Discharge of indorsers and accommodation parties e. If the obligation of a party to pay an instrument is secured by an interest in collateral and a person entitled to enforce the instrument impairs the value of the interest in collateral, the obligation of an indorser . . . is discharged to the extent of the impairment. The value of an interest in collateral is impaired to the extent the value of the interest is reduced to an amount less than the amount of the right of recourse of the party asserting discharge, or the reduction in value of the interest causes an increase in the amount by which the amount of the right of recourse exceeds the value of the interest. The burden of proving impairment is on the party asserting discharge.

g. Under subsection e. . . ., impairing value of an interest in collateral includes . . . failure to comply with applicable law in disposing of collateral.

i. A party is not discharged under this section if the party asserting discharge consents to the event or conduct that is the basis of the discharge, or the instrument or a separate agreement of the party provides for waiver of discharge under this section either specifically or by general language indicating that parties waive defenses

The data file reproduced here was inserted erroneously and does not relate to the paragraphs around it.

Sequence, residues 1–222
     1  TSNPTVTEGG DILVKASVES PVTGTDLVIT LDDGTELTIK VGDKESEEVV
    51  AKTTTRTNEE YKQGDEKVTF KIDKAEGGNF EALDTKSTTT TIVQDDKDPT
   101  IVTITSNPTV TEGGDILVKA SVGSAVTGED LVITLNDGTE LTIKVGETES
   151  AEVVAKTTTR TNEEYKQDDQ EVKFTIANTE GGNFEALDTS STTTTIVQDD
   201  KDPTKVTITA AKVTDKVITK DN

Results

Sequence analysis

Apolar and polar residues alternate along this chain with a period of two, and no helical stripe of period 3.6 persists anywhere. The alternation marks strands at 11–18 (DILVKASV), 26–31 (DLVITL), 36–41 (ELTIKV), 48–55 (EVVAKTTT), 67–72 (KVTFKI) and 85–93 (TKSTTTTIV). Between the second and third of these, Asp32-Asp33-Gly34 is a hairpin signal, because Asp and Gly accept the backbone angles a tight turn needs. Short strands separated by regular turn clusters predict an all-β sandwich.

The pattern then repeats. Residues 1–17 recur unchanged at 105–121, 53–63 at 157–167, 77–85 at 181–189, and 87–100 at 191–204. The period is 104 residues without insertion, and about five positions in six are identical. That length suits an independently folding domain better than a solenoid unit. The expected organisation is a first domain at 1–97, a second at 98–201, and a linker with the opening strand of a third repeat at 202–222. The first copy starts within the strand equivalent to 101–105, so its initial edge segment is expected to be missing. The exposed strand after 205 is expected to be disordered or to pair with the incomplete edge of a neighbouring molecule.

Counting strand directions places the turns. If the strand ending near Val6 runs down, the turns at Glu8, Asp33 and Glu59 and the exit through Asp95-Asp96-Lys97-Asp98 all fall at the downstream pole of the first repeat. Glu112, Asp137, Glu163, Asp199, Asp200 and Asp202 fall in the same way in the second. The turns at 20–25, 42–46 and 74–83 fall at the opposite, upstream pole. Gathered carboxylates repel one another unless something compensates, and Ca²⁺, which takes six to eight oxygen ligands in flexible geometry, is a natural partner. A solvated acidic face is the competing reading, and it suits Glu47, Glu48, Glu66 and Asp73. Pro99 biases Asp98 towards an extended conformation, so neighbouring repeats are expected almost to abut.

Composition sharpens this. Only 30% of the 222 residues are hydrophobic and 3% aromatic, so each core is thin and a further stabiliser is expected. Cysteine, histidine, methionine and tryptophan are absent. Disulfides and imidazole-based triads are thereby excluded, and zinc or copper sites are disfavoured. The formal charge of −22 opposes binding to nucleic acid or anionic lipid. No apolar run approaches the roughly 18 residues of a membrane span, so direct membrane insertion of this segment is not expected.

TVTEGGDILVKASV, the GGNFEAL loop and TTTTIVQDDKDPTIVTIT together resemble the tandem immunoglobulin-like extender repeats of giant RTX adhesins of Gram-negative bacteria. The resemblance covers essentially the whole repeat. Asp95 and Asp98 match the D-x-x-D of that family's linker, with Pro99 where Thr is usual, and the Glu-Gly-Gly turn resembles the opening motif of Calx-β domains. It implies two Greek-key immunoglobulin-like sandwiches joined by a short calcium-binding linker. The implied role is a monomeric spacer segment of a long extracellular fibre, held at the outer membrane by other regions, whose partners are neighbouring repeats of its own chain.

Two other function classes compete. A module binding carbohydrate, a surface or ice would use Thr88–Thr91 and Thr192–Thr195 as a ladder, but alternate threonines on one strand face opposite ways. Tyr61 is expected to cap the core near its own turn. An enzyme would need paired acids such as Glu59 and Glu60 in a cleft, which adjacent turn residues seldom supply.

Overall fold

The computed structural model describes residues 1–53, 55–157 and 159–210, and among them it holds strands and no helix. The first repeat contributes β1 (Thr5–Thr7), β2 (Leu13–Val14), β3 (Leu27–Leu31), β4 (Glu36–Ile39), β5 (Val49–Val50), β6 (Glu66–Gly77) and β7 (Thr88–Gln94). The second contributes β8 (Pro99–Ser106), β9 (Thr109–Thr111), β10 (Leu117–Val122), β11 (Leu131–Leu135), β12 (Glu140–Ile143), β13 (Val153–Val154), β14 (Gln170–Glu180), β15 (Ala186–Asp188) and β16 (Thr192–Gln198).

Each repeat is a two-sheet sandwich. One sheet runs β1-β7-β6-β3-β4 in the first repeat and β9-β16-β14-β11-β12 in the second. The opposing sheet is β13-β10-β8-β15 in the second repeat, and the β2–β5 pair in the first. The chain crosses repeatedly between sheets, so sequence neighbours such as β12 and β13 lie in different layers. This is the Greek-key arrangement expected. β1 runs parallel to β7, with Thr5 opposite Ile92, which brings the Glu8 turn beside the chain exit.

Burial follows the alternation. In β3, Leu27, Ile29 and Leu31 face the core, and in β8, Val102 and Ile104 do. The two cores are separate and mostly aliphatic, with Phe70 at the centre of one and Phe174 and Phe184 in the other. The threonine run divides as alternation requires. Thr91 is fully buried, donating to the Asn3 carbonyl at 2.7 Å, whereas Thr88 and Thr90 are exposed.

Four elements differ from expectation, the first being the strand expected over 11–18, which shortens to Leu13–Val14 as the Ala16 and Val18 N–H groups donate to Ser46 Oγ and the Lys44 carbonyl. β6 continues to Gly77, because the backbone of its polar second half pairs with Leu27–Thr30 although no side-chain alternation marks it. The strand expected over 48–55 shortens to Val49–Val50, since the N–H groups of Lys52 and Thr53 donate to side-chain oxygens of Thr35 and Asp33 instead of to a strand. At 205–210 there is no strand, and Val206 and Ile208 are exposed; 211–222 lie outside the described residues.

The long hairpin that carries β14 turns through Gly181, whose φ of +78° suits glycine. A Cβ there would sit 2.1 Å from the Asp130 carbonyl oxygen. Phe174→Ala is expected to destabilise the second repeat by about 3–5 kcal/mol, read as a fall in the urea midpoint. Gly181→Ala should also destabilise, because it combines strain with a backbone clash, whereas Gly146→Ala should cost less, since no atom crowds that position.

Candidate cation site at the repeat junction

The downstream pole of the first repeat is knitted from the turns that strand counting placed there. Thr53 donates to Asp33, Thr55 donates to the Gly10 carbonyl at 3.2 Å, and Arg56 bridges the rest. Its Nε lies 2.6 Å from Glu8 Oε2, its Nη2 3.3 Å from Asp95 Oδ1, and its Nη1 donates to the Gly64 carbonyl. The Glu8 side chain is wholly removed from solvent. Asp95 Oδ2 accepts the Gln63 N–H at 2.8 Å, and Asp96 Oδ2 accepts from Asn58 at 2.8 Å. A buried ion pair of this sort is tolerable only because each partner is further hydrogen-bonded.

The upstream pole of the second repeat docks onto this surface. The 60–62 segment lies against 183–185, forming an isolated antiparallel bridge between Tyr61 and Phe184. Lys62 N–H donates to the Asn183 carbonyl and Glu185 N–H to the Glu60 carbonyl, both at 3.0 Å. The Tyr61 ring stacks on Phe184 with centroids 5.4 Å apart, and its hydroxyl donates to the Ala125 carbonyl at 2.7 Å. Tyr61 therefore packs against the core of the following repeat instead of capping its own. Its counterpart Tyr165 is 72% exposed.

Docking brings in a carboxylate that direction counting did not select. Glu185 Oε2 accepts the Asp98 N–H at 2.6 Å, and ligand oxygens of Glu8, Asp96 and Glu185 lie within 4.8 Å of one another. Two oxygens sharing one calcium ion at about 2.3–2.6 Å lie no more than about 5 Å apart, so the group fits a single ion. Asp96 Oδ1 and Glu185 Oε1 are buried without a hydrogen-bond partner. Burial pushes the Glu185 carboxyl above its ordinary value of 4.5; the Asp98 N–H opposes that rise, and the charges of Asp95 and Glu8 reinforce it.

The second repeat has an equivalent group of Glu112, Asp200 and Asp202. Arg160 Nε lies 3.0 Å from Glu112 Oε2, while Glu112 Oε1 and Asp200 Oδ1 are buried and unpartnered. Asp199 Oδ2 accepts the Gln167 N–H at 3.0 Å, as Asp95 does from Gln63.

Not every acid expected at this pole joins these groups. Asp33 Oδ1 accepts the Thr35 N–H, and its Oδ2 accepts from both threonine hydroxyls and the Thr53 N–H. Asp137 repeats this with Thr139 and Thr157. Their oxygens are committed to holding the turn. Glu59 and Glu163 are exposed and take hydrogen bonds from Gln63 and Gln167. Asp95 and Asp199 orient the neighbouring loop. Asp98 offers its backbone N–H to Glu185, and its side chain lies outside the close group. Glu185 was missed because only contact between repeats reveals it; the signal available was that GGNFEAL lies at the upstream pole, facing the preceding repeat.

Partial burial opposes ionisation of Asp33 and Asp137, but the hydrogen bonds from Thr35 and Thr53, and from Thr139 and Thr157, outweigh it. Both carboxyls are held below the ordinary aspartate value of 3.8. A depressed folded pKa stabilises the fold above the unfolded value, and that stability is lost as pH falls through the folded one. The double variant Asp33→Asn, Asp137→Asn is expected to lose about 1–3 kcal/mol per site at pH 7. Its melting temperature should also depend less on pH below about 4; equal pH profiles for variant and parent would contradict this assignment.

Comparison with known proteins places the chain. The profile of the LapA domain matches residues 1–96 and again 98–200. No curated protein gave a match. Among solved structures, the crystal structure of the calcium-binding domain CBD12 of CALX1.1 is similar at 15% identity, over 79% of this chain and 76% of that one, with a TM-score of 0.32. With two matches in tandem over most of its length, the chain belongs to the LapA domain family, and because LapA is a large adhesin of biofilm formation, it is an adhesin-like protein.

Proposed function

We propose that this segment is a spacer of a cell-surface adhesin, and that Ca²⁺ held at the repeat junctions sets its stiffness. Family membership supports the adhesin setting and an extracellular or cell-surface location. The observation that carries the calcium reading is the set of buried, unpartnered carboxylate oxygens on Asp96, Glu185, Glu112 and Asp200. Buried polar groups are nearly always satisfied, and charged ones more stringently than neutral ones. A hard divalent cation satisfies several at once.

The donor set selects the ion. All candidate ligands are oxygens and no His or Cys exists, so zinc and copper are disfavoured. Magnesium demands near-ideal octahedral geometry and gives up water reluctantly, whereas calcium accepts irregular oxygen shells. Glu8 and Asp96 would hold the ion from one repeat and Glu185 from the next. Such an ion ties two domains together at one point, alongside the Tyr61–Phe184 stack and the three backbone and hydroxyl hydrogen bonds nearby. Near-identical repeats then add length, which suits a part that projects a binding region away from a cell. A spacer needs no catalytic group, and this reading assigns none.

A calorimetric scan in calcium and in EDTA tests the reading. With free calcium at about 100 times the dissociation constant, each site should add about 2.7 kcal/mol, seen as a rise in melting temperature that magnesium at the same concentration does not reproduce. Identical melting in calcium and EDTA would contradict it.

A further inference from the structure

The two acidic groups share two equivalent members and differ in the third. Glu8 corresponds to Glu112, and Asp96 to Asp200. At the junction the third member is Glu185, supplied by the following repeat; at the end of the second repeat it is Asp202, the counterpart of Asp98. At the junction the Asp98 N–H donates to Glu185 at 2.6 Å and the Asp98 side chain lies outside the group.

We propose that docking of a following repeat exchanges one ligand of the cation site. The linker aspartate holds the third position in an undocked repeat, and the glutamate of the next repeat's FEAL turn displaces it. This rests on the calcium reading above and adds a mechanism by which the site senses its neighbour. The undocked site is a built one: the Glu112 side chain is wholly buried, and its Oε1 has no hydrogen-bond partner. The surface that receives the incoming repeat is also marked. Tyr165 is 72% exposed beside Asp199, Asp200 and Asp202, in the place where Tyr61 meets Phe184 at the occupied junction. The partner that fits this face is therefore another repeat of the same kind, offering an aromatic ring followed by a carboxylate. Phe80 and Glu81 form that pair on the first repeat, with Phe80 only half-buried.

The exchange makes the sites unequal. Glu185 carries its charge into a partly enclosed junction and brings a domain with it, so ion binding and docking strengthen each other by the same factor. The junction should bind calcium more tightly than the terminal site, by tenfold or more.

based on suretyship or impairment of collateral.

[N.J.S.A. 12A:3-605.]

Subsection (e) deals with discharge of sureties for impairment of collateral, and generally conforms to former Section 3-606(1)(b). The surety is subrogated to the payee's security interest in the collateral. The importance of suretyship defenses is greatly diminished, however, by the fact that the Code allows waiver under N.J.S.A. 12A:3-605(i). Thus, discharge under Section 3-605 applies only to cases wherein the creditor did not include a waiver clause in the instrument or the creditor failed to obtain the surety's permission to take action which triggers a suretyship defense.

Subsection (i) allows suretyship defenses to be waived, either specifically or by general language indicating that defenses based on suretyship and impairment of collateral are waived. No particular language or form of agreement is required; however, "absent express agreement, waiver or renunciation, a surety's right of subrogation to unimpaired collateral will be protected." Langeveld, (supra) , 74 N.J. at 54; see also Delaware Truck Sales, Inc. v. Wilson, 131 N.J. 20, 34, 618 A.2d 303 (1993) (waiver "must be unequivocal before it will effectively preclude a guarantor from asserting the defense." (citation omitted)).

For purposes of determining the validity of defendants' defense of impairment, we must analyze the instant guaranty and not only assess whether it is "unconditional", but whether it contains the requisite waiver vis-a-vis the Disposition of secured collateral. In Langeveld, (supra) , our Supreme Court did not deem the guaranty language at issue to equate to a waiver or relinquishment of the right of subrogation, and as such, the guaranty was merely deemed to be unconditional. 74 N.J. at 54. In fact, the language was rather brief, and limited to provisions dispensing with presentment, notice of dishonor and protest, and continuing liability on the part of the guarantor in the event of the obligor's insolvency. Id. at 52-53.